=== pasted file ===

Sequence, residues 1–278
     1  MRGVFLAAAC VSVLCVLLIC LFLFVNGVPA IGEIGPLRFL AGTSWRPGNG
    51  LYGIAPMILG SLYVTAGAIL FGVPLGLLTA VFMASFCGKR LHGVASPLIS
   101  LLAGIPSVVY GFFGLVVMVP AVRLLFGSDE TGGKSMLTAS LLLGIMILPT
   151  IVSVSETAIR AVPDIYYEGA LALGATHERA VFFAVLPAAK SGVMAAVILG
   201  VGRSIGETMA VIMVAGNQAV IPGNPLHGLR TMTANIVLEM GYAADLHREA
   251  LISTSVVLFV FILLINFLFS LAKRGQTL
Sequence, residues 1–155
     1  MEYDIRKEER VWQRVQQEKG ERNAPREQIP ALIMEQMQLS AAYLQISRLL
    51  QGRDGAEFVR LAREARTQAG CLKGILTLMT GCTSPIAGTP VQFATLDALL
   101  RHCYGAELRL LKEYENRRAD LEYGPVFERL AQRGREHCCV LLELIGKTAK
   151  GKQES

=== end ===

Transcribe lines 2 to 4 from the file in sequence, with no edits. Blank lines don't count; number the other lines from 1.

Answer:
     1  MRGVFLAAAC VSVLCVLLIC LFLFVNGVPA IGEIGPLRFL AGTSWRPGNG
    51  LYGIAPMILG SLYVTAGAIL FGVPLGLLTA VFMASFCGKR LHGVASPLIS
   101  LLAGIPSVVY GFFGLVVMVP AVRLLFGSDE TGGKSMLTAS LLLGIMILPT